Massaging: Massaging can significantly help the laboring mother release tension. Stroking consists of your partner or doula using slow, firm pressure to run their fingers down an area of your body. Kneading is a another technique which involves circular movements done with the palm or the closed fist. To release tension, both techniques can be used across the shoulders, down the thighs, or wherever you may be feeling the waves of contractions the most. For optimal results, the one massaging should maintain constant, flowing contact by having their one hand begin a motion before the other hand ends its motion.

Reflexology: Lastly, reflexology involves applying pressure to certain areas of the feet or acupressure points to relieve pain or problems in other parts of the body. The use of reflexology can help create stimulation of the nerve endings, sending messages to the tensed area and releasing happy endorphins, which then help to control the intensity of the contractions.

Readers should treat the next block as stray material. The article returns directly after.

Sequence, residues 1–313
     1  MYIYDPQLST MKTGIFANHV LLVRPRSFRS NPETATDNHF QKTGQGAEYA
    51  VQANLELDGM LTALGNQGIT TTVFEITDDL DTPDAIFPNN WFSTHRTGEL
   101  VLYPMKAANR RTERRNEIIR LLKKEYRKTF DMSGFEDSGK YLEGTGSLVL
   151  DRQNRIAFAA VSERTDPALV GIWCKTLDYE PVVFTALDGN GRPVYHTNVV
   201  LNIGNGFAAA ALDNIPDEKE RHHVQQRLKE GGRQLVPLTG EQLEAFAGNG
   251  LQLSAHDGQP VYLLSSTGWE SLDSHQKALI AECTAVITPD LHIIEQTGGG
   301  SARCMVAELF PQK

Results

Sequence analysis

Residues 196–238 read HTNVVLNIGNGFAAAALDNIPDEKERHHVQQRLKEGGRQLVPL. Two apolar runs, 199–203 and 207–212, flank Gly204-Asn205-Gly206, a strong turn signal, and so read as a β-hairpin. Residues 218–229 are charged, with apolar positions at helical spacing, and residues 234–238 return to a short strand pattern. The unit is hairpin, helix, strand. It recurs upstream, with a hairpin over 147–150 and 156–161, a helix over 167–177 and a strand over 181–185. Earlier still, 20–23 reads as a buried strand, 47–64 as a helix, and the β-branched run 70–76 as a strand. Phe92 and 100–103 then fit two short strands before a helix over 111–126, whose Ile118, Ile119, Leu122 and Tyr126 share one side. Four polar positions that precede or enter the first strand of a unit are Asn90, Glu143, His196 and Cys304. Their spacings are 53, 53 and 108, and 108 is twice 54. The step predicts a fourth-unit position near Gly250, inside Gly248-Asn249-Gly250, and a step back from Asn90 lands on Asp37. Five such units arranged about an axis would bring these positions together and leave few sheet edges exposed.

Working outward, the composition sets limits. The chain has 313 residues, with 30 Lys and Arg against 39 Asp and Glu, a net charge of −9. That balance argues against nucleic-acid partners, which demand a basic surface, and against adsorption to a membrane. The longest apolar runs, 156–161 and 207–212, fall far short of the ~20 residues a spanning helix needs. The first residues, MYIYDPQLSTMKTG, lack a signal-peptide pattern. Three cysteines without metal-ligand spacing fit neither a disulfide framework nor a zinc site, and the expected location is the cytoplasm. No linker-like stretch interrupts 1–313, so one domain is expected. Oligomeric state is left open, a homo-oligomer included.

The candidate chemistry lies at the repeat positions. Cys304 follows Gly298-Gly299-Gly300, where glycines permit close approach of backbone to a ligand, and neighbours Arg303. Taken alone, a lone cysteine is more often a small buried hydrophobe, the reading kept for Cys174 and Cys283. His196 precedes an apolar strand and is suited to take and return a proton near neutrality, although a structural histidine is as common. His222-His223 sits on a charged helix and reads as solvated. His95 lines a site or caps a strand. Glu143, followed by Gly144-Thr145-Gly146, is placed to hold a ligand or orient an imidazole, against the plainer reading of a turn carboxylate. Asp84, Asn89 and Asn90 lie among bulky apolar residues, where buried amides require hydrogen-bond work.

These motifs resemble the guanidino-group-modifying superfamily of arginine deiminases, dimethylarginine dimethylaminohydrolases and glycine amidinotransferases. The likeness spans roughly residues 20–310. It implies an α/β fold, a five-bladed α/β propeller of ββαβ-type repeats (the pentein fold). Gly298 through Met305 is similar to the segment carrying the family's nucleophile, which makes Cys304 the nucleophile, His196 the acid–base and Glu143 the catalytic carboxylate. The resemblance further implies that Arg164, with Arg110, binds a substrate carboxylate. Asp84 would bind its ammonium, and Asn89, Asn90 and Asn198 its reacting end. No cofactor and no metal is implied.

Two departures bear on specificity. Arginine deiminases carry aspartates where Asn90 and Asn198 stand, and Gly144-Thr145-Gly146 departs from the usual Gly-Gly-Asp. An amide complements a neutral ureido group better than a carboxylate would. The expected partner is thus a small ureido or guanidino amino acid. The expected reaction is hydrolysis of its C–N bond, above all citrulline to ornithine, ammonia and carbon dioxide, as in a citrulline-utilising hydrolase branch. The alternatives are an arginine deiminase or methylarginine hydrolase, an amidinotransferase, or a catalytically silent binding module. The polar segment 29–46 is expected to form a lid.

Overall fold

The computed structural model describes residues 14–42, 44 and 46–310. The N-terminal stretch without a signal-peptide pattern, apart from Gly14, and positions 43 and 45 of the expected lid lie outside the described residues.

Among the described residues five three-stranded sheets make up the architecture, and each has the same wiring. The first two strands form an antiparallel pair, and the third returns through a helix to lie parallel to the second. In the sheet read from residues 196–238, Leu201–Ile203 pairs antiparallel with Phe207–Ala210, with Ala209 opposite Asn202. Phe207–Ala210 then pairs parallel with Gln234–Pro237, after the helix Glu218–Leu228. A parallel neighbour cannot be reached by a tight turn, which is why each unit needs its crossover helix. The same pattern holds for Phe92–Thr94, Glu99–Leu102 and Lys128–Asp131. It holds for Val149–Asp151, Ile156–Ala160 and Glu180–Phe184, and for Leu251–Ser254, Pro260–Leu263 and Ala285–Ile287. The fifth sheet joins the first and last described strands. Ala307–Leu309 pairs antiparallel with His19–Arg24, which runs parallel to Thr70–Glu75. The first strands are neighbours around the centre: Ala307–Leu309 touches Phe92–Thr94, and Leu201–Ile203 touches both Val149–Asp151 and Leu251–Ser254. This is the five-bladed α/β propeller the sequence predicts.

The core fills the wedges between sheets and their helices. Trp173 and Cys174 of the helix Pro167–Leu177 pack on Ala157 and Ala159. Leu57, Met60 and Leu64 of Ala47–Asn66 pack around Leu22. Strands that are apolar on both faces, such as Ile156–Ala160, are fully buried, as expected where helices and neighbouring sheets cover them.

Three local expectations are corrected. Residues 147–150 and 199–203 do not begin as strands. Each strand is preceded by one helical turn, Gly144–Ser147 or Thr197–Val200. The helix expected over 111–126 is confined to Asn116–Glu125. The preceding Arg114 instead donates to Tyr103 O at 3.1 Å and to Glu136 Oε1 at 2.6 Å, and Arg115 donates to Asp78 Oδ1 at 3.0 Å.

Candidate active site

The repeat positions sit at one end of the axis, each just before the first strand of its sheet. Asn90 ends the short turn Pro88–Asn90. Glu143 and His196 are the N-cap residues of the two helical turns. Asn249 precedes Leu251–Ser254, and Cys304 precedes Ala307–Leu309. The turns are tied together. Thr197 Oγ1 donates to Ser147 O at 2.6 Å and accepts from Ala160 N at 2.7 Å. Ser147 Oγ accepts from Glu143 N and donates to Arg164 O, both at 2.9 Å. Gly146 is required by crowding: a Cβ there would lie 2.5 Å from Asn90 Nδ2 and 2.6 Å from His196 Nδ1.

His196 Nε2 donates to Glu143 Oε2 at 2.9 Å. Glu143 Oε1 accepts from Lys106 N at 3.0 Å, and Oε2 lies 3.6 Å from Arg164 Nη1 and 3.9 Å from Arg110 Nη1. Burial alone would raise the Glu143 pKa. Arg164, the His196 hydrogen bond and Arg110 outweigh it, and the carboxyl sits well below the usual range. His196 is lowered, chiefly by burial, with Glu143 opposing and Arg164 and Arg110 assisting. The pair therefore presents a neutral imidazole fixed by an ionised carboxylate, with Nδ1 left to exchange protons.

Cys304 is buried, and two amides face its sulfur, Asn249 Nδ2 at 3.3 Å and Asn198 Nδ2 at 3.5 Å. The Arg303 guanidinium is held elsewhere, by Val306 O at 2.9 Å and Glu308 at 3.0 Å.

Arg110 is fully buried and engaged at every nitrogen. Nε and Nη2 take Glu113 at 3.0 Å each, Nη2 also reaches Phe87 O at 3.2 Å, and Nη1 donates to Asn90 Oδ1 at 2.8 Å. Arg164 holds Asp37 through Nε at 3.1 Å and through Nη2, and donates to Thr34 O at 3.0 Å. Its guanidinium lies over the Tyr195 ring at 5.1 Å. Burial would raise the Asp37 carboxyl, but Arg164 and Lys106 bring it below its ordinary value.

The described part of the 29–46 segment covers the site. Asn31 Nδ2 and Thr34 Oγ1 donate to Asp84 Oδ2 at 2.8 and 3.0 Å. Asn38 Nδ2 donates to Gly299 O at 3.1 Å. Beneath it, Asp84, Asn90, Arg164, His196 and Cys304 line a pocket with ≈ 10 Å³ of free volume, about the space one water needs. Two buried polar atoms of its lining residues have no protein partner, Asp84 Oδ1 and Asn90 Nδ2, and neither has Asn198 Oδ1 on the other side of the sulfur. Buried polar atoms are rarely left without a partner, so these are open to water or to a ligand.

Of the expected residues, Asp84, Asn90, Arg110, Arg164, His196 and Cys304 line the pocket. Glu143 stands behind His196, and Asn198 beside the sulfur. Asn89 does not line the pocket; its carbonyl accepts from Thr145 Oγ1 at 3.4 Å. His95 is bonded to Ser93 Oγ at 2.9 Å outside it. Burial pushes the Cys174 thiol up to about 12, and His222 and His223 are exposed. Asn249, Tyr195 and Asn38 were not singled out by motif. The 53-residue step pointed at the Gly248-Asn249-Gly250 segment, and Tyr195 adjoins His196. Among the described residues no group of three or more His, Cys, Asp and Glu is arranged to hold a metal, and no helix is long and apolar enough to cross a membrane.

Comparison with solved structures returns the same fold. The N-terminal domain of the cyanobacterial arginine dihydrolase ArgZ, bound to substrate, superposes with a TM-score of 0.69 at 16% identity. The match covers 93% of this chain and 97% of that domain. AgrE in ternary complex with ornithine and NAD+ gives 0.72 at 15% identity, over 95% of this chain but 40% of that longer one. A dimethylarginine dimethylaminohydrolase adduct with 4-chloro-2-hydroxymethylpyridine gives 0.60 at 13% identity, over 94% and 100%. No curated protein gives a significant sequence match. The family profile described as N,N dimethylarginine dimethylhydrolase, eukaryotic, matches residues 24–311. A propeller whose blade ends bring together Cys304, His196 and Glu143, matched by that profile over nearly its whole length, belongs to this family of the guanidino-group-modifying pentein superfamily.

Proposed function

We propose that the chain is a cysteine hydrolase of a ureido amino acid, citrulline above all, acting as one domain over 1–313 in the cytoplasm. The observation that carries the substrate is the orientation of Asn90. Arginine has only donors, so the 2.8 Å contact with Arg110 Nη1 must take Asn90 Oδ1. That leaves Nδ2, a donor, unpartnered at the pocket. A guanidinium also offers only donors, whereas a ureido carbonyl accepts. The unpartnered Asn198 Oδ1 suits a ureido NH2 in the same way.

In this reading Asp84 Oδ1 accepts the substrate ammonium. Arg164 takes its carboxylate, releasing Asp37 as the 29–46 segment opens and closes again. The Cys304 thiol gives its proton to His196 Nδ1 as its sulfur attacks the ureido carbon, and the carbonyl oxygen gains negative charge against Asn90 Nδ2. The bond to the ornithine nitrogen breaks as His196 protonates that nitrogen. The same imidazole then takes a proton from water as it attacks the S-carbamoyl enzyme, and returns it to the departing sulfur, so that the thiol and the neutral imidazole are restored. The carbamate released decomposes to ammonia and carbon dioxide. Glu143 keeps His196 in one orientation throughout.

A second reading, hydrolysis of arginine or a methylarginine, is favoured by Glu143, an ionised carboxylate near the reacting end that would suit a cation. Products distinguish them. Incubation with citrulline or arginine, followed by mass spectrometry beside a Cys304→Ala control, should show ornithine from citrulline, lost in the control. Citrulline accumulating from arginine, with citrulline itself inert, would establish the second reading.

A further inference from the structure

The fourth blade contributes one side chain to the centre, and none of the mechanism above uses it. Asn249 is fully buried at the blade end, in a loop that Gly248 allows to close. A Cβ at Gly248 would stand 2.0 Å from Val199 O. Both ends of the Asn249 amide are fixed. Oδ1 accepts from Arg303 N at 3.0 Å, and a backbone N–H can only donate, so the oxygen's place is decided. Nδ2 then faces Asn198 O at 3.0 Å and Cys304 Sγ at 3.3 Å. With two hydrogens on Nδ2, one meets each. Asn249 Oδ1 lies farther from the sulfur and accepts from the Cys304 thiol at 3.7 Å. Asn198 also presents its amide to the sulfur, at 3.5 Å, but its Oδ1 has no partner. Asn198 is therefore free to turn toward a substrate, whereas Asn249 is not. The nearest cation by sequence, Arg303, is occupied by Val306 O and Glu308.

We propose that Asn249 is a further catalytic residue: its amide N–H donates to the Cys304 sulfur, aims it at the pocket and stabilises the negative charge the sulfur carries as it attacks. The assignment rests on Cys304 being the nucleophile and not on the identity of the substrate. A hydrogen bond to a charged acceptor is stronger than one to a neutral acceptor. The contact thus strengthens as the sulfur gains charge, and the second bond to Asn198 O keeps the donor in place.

Have your birth partner and doula practice these touch techniques with you before labor. This will allow you to figure out your favorite techniques, give feedback, and prepare them to know exactly how they can help you when the time comes.

Would you like help creating your birth plan? Little Lilacs greatly enjoys guiding expectant mothers as they craft a customized, personal plan that includes all 5 of these senses! Contact us to learn more or set up an appointment.

 

Sources:
https://www.quora.com/What-is-the-most-primitive-part-of-the-human-brain-What-function-does-it-serve
http://thebirthingroom.co.nz/feeling-safe-in-childbirth-what-does-the-research-say/
http://science.howstuffworks.com/life/inside-the-mind/emotions/fear2.htmhttp://www.livestrong.com/article/156262-the-effects-of-sound-in-the-human-brain/
https://www.tsbvi.edu/seehear/summer05/smell.htmhttp://alinenewton.com/neuroscience-of-touch-touch-and-the-brain/